Sramana Mitra: You have done this strategy in a textbook case study way. How many verticals and how many use cases have you gone after? What was the sequence of how you layered these different use cases along each of those use cases?
Lior Gal: There is some strategy and tactical work. For us, the end goal was to build the product that scales to any scale. One day, it will be a service offering on all platforms.
We had to put emphasis on figuring out a way to win the scalers. Those guys are not a use case; it’s more about becoming an infrastructure decision for them. If they buy 10,000 servers a quarter, how do I convince them that our software just goes on those servers by default?
It’s a different strategy. In the end, they are using it for use cases. It’s convincing them that this is the building block to build it. You asked about use cases. Use cases are more driven in places where people are buying a very well-defined solution for a specific problem.
We didn’t want to exceed five, and most of the efforts were in three of those use cases. We went after the low-hanging fruit. One, databases. That was a priority. The second one was HPS use cases. HPC requires high performance and we have the fastest-growth storage.
The third one was AI-driven use cases because AI companies and AI use cases are like mushrooms after the rain. It was looking at where we wanted to be as a company and win those use cases even if it’s easier to put your efforts in places where it’s easier to sell. I wasn’t looking to make it easy; I was looking to make it a profitable business. That’s the decision point.
Sramana Mitra: What kind of scaling trajectory did you see with this strategy?
Lior Gal: If you’re smart enough or lucky enough to have an OEM partner or a solution integrator, then from three to 20 is almost a smooth transaction. If I look at CMA, the first system with the first customer had a lot of handholding. Now moving forward, they are just doing it. Nothing is that simple, but it must move to the other side.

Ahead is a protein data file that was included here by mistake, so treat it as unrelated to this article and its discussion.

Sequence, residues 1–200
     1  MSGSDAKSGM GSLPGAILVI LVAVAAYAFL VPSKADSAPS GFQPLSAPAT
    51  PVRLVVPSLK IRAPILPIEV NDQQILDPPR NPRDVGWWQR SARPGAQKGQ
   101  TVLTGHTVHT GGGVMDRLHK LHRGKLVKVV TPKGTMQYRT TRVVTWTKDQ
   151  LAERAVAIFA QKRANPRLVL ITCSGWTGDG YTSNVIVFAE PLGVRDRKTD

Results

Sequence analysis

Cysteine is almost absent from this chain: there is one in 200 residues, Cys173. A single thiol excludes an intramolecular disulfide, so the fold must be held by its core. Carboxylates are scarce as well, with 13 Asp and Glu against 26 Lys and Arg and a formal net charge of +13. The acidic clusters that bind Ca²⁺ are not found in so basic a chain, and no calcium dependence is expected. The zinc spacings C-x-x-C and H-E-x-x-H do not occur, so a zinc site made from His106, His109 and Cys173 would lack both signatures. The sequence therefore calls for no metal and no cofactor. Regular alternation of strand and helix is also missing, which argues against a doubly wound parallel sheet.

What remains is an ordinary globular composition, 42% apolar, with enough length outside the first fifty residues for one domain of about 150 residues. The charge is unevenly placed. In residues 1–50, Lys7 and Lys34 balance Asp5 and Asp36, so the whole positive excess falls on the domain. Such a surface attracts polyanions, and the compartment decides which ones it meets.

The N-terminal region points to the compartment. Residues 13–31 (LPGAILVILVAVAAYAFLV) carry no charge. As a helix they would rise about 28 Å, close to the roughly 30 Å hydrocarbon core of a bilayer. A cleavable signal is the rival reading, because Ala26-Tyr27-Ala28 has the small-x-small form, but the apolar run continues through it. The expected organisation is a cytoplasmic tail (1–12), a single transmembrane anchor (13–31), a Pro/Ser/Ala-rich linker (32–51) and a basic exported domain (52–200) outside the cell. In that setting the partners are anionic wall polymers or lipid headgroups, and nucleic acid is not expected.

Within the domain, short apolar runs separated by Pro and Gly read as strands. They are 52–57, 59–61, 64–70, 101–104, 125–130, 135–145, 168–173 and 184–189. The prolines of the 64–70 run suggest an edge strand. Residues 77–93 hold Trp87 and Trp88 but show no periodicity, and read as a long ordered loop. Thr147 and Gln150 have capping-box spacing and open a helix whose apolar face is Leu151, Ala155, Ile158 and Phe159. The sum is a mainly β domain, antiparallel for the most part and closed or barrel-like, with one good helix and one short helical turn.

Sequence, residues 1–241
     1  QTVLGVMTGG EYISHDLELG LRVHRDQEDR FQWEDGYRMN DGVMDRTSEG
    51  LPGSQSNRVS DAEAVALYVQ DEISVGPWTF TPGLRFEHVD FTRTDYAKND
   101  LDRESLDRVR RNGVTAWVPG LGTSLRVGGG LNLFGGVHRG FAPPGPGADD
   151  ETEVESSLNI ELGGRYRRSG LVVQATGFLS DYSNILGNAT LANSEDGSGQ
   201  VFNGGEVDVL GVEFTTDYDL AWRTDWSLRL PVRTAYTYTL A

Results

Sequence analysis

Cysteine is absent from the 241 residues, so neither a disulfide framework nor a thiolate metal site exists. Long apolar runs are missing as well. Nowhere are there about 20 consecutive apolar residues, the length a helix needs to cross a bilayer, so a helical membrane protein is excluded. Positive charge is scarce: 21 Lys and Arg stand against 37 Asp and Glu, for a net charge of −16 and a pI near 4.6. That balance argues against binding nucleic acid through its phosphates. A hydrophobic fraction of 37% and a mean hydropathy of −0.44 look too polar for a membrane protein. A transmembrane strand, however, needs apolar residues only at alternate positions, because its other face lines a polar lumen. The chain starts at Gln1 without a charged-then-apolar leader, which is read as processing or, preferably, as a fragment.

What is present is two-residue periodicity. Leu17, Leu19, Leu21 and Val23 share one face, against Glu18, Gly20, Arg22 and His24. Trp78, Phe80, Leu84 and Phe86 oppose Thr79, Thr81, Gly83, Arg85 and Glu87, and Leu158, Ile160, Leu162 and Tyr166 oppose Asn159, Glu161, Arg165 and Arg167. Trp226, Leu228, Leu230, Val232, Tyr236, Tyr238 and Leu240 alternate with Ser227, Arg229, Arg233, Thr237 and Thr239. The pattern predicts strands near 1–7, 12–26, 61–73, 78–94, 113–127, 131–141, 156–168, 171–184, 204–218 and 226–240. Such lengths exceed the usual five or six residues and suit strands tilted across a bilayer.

Sramana Mitra: Let’s switch a little bit on executing on your strategy. Talk to me about the team. How did you structure your team and what were some of the salient strategic team issues that you have implemented?
Lior Gal: If you’re working in a world where you’re chasing web-scale customers and winning a customer can be a magnitude of seven-figure deals, it’s okay to plan down where you hire a small number of people but who are extremely qualified. You send them out to these big projects.
That’s where we are on that front. It’s small teams of very smart and technical people that are incentivized to work overtime even if it takes them two years to win the projects.
I have companies in the past where a product is a $50,000 transaction and you need to get as many transactions as possible. In the end, a sales guy will do $1.5 million, then you need to hire 20 salespeople for growth. We are more strategic and our deals are bigger.
On the other side of the solution integrators, it’s actually the same. If you onboard Lenovo and you invest to make them successful, then you need a team working with Lenovo. It might end up with six figures, but they will have many transactions that a team needs to manage. That’s how I structured our team on the business side.
Engineering is a different ball game. 80% of the company are engineers. Innovation is everywhere. The biggest challenge is that my team is everywhere. We have business in the USA, Europe, and Asia Pac. We have engineering in Israel. Putting people on the same page and getting people to be accountable for stuff happening everywhere is an ongoing challenge.
Sramana Mitra: Where are you now by way of revenues? What is your trajectory to an IPO? Is that where you’re going?
Lior Gal: I’ll share what was shared in the press. Last year, we announced that we did 4x year over year. Our objective is to do that every year. Of course, the bigger you get, the harder it becomes. We are looking at growth quarter by quarter.
We’re looking at analyzing our future to how soon do we want to be cash-positive, or just continue to grow and innovate. We’re not really looking at an IPO. It’s not because it’s not something we want to do. It’s too early to discuss that. It’s more about strategy and betting on innovation.
Sramana Mitra: Great. Thank you for taking the time.